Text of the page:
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Baja Canada del Sur: Comedy and Comment in the Age of Occupation

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found done in needlepoint on Mel's Front Porch: I Pledge Alligence to the Constitution of the United States of America. And to the Republic for which it guarantees, One Nation, Undeniable, with Liberty, Truth, and Justice for All.

Wednesday, June 07, 2006

In for a penny, in for a pound


In the event you haven't noticed yet, I am, and have always been, profoundly opposed to the invasion and occupation of Iraq. So I had to do something today, take what I consider a small risk, to support an Officer of the U.S. Army, who at risk of his own liberty, and the scorn and contempt of many other service members past and present, stepped up and proved he is a patriot.

If you are interested, there is a website in support of US Army Lt. Ehren Watada, on which I signed a petition of support. The following is my statement I included:

Thank you, Lt. Watada, for taking the oath to serve and protect the Constitution of the United States of America with the gravity it deserves. Please accept my heartfelt gratitude and support for your difficult decision. It takes a brave man to volunteer to defend his country. It takes an even more courageous man to make a stand in these peculiar and troubling times. My warmest regards.

I understand, as Lt. Watada himself does, the consequences of his actions, to himself personally, as well as the chagrin felt by many of veterans in response to his refusal to deploy. But he did not attempt to physically remove himself from the country, had no influential friends or relatives keep him out of harm's way, and stands prepared to accept whatever punishment the authorities deem fit.

I feel, even in these times when many of us wonder just how deep the insidious surveillence of private citizens goes, that it was important to me to stand in support. Would that the individuals who have currently usurped our highest civilian offices have shown the honesty, courage, and leadership of this lieutentant, as well as several other enlisted personnel who have calmly faced sanctions for their actions, our country assuredly would not find itself in its current position.

If you are interested in this continuing story, please see http://www.commondreams.org/headlines06/0607-08.htm . The website in support of Lt. Watada is http://www.thankyoult.org/ .

12 Comments:

Blogger spadoman said...

I my opinion, ANYONE who stands up for their moral convictions is a courageous hero.

In this case, the soldier took a stand against this Iraq War. He decided that for him, it was not the right thing to do. I applaud him for making a decision and then following through to conviction.

It just so happens that I am also against this Iraq war. I am glad he decided to stand up for what he believes to be right.

To show this kind of courage no matter what the situation is profound. Be it war or another subject, politcal or apolitical. It is a courageous and brave person to make such a stand.

Thanks for the post and getting the story out.

4:21 AM  
Blogger pissed off patricia said...

Some of the biggest changes come from on man or a small group standing up for what they believe.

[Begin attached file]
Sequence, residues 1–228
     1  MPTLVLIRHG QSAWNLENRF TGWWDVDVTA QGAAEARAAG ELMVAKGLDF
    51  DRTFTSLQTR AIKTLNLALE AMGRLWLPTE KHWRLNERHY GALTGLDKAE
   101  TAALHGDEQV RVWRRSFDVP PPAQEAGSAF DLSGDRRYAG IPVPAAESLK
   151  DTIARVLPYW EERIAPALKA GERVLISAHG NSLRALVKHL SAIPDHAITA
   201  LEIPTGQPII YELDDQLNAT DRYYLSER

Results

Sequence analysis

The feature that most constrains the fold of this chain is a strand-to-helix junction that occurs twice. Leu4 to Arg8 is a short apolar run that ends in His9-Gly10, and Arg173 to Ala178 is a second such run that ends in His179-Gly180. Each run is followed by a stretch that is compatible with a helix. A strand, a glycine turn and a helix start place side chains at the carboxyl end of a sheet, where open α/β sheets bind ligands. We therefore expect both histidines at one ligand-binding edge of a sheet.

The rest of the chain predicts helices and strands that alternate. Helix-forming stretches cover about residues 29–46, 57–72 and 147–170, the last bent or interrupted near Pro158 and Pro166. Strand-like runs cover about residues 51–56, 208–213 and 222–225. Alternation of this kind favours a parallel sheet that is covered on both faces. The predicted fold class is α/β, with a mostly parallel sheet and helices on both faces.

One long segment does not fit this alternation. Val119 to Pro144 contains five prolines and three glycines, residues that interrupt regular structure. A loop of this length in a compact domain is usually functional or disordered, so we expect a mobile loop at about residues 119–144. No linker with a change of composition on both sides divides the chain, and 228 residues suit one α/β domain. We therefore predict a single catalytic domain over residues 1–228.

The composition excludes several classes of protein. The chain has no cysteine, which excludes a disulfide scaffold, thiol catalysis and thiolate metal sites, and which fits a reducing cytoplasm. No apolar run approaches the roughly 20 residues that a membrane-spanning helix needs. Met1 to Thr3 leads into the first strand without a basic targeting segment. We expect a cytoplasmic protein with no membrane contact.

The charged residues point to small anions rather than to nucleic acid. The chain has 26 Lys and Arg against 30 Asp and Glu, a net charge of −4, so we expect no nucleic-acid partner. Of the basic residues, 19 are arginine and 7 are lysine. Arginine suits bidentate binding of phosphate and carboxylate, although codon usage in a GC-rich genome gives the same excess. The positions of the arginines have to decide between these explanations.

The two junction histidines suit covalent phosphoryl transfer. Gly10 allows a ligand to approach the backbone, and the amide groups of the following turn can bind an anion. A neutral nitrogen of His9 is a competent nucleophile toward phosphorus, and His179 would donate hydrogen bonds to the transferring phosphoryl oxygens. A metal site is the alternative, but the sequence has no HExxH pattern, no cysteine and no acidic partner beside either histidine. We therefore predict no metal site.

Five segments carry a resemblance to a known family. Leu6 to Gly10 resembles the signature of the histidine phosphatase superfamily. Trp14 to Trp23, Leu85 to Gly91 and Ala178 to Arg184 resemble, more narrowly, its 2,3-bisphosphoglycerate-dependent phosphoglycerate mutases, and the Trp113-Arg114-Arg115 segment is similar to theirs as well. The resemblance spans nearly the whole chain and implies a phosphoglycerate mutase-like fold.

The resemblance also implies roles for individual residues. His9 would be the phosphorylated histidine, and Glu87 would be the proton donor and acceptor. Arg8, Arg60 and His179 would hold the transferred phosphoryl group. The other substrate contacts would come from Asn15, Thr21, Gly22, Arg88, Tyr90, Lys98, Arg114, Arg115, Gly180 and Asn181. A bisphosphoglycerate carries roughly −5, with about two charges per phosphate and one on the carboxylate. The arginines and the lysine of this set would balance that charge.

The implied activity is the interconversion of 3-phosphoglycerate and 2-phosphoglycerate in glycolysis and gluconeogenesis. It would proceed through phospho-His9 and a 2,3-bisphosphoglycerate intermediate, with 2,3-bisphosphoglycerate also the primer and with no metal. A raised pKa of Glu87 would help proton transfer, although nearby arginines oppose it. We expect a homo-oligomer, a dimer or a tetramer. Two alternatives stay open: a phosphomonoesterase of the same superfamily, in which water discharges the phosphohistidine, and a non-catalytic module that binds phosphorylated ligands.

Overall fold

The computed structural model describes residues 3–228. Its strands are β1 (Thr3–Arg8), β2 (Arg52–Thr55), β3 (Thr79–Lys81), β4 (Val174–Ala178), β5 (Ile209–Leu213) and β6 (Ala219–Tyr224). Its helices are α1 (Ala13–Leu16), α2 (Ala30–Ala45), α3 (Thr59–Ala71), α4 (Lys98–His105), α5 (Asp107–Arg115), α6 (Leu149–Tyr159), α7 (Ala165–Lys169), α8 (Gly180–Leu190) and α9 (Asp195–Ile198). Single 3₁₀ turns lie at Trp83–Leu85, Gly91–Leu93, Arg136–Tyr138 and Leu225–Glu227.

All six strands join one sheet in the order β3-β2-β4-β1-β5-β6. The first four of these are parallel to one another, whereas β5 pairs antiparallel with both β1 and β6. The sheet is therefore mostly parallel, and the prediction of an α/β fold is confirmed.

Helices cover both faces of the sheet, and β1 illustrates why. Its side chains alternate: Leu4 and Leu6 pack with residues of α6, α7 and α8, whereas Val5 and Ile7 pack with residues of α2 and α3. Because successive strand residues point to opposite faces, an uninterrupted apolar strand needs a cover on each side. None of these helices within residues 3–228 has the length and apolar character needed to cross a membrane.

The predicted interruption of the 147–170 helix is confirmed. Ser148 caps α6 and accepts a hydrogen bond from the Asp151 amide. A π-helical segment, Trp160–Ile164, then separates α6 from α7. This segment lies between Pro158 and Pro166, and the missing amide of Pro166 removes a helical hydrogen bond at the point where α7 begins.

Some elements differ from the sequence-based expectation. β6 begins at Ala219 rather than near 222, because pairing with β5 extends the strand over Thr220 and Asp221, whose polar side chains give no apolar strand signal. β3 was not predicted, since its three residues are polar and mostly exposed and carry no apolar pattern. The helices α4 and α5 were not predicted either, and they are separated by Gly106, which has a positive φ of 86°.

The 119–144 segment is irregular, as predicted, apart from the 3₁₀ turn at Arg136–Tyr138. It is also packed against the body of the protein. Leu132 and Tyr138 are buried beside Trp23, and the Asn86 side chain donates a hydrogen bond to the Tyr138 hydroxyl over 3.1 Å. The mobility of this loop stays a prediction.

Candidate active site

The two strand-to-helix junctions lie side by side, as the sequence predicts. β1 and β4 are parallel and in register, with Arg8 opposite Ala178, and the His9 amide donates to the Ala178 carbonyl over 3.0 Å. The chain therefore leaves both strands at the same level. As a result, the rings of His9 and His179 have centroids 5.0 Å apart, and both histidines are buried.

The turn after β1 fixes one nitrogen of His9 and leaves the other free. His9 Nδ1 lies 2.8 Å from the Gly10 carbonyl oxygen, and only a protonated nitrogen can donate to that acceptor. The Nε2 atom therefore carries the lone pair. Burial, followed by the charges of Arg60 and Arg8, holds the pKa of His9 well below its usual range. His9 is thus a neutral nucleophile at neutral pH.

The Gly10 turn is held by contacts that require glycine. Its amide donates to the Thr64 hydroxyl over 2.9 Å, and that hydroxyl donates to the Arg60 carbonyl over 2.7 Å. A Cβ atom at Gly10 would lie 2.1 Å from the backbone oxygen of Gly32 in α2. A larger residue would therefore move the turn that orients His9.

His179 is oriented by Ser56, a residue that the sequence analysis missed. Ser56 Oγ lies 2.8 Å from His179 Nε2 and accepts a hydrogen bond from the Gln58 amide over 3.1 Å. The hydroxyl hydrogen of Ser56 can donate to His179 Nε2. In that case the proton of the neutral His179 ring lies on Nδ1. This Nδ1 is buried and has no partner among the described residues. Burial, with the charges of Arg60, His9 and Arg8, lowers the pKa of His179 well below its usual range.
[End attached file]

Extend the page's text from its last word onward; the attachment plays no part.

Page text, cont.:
I have hated this war since before it began. I listened to the weapons inspectors and they said there was nothing there. But the administration ignored the facts and decided to have a war on the backs and lives of others. The soldiers were sent to die based on a lie. It's time they spoke up and expressed themselves. Who would know better than they what it's like over there?

2:35 PM  
Blogger eProf2 said...

Facing a military prison is not a prospect I wish on anyone and to do so out of conviction earns my deepest respect. Inasmuch as he hasn't been ordered to Iraq yet, I hope his message will resonate with both civilian and military citizens. Good for you for taking a personal stand, too, and helping to spread the word on both the evil of this war and the plight of Lt. Watada.

8:10 PM  
Blogger an average patriot said...

Hi eprof, pop, and everyone else!
Some of you I know read my Memorial Day Quandry and this really strikes home.
I understand the commitment to principles. That is my guiding light.I also have a commitment to America and a commitment to my sons. All conflicting primarily because of Bush.
I understand the Lt. and back him 100% as long as principle is his guide. There is no way in hell I back anything at all that Bush has done period especially when it comes to the abuse and misuse of our military, which I might add is getting worse regularly.
With that said, I must say that every male member of my family has volunteered to serve the Nation since WW1.the Indian part of my family will be interesting to some day delv into.
Right now I have 2 son's in this and respect them for their service while at the same time respecting those whose principles for whatever reason will not allow them to serve.
You can understand my quandry. One is EOD and who knows where he is. For some strange reason he backs Bush to a fault. I don't know how but I say nothing.
Another son finishes flight school in 3 weeks. His unit is Deployed right now so who knows about him either. He though disagrees with Bush to a T but he is serving us and the Nation and that too is okay with me.
Quite a mixture of emotions and very confusing. The whole thing makes me think of brother against brother during the civil war.